The developer needed to support an existing JavaScript app with access to content in the form of Drupal nodes encoded in JSON. This is a key part of any headless Drupal project (this entire site was not headless, just one application), and in Drupal 7 and earlier there was no way to do this in core.

The Sinful Solution

Create a custom response handler within template.php that executes every time template.php is loaded.

The Code

During a routine code review of this site I found the following code in template.php:

...
function theme_name_preprocess_region(&$vars) {
  if ($vars['region'] == 'header') {
    $vars['classes_array'][] = 'clearfix';
  }
}

if (isset($_POST['mode'])) {
    if ($_POST['mode'] == 'get_fields_node') {
        $node = node_load($_POST['id']);

        $container = array();

        $sliderCounter = count($node->field_event_slider['und']);
        for ($i = 0; $i < $sliderCounter; $i++) { $field_collection_id = $node->field_event_slider['und'][$i]['value'];
            $field_collection = entity_load('field_collection_item', array($node->field_event_slider['und'][$i]['value']));

            $currentCollectionItem = $field_collection[$field_collection_id];

            if (isset($currentCollectionItem->field_slider_image['und'][0]['uri'])) {
                $container['slider'][$i]['src'] = file_create_url($currentCollectionItem->field_slider_image['und'][0]['uri']);
            }
            if (isset($currentCollectionItem->field_slider_caption['und'][0]['value'])) {
                $container['slider'][$i]['caption'] = $currentCollectionItem->field_slider_caption['und'][0]['value'];
            }
        }

        $focusTid = $node->field_event_type['und'][0]['tid'];
        $eventTerm = taxonomy_term_load($focusTid);
        $dateTid = $node->field_event_date['und'][0]['tid'];
        $dateTid = taxonomy_term_load($dateTid);

        $container['nid'] = $node->nid;
        $container['focusTid'] = $focusTid;
        $container['title'] = $node->title;
        $container['focus'] = $eventTerm->name;
        $container['date'] = $dateTid->name;
        $container['body'] = $node->body['und'][0]['value'];

        print json_encode($container);
        die();
    }

    if ($_POST['mode'] == 'get_fields_focus') {
        $focusTerm = taxonomy_term_load(substr($_POST['id'], 4));

        $container['nid'] = $_POST['id'];
        $container['title'] = $focusTerm->name;
        $container['body'] = $focusTerm->description;

        print json_encode($container);
        die();
    }
}
...

Notice that between the two functions is the random block of code wrapped in
if (isset($_POST['mode'])) {...}. So on every request that results in load the theme template.php is loaded and in addition to the normal parsing triggers a check to see if the page request was a POST that included a mode. It it was, we then proceed to load up a node, a couple taxonomy terms, and then encode them as JSON for response. The site sends the response and then unceremoniously dies().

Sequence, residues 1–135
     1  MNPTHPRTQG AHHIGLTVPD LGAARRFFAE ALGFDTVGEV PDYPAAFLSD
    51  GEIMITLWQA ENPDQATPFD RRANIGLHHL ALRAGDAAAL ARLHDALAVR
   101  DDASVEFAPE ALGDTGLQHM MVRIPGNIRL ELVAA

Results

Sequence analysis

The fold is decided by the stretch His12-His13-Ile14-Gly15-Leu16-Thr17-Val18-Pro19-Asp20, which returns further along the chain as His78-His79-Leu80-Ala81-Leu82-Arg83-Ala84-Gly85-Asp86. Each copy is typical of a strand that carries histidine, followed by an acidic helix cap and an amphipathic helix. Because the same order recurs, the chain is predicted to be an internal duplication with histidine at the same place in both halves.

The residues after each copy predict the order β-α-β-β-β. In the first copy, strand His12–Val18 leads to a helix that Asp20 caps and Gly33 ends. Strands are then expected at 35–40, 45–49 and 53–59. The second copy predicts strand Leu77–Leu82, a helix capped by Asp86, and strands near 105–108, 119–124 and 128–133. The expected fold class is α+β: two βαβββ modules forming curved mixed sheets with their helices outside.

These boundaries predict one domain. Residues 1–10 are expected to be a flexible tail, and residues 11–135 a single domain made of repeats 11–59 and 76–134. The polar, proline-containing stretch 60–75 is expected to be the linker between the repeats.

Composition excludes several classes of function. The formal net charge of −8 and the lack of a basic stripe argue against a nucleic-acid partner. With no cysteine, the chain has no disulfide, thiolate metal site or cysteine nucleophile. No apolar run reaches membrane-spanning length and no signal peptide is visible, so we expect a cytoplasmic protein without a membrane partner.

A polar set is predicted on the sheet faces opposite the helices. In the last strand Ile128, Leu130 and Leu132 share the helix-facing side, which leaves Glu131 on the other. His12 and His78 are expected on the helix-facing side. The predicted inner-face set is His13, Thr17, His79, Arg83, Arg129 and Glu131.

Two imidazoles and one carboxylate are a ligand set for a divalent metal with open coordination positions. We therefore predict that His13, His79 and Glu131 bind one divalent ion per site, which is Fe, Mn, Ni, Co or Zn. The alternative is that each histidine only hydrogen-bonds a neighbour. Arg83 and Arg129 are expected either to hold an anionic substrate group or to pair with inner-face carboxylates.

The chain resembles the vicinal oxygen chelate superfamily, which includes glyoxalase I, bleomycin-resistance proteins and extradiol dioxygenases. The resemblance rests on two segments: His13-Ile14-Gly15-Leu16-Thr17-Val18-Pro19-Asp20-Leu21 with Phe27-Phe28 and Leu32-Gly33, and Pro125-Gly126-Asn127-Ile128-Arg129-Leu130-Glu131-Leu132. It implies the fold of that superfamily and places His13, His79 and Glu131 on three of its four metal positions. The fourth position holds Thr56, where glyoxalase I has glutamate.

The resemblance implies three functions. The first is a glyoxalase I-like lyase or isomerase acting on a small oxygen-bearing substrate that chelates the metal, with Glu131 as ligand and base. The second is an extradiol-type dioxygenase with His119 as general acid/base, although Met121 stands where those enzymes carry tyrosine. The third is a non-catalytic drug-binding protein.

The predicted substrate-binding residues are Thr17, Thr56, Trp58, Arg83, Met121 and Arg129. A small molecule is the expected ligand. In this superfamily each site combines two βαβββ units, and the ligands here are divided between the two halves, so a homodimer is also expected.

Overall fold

Why is this so bad?

First, there is no parameter checking on the ID parameter: node_load($_POST[‘id’]). Anyone on the internet can load any node if they work out the ID. Since nodes are sequentially number, you could just start at 1 and your way up until they noticed that the site was sending the same useless response over and over. It also doesn’t send a 404 if the NID provided is invalid.

Second, no reasonable developer would expect you to hide a custom callback handler in template.php. It should be totally safe to load template.php without generating output under any condition (that should be true all non-tpl.php files).

Third, this code could run during any page request, not just the ones the application designer thought about. The request could have had Drupal do something relatively expensive before reaching this stage, and all that work was just wasted server resources – which creates an additional avenue for an attacker.

Fourth, Drupal has an exit function that actually does useful clean up and allows other modules to do the same. All that gets bypassed when you just die() midstream.

Finally, Drupal has tools to do all this. There was no reason to do this so badly.

Better Solutions

In Drupal 8 this is part of core.  Enable Restful Web Services and optionally the RestUI module, and in a few minutes you can have this more or less out of the box.

In Drupal 7 are two modules that will do 90% of the work for us. If we really just want the raw node as JSON you could use Content as JSON. But often we want more control over field selection, and the option to pull in related content (which the developer in this case did, and used as his argument for the approach taken). Views Datasource gives us the power of Views to select the data and provides us a JSON (and a few other) display option.

Views Datasource based approach:

  1. Install Views, ctools, and Views Datasource
  2. Create your view and set the display format to JSON data document.Drupal Sins 1 Views Definition
  3. Pick your fields, set the path, and define the contextual filter:Drupal Sins 1 Views field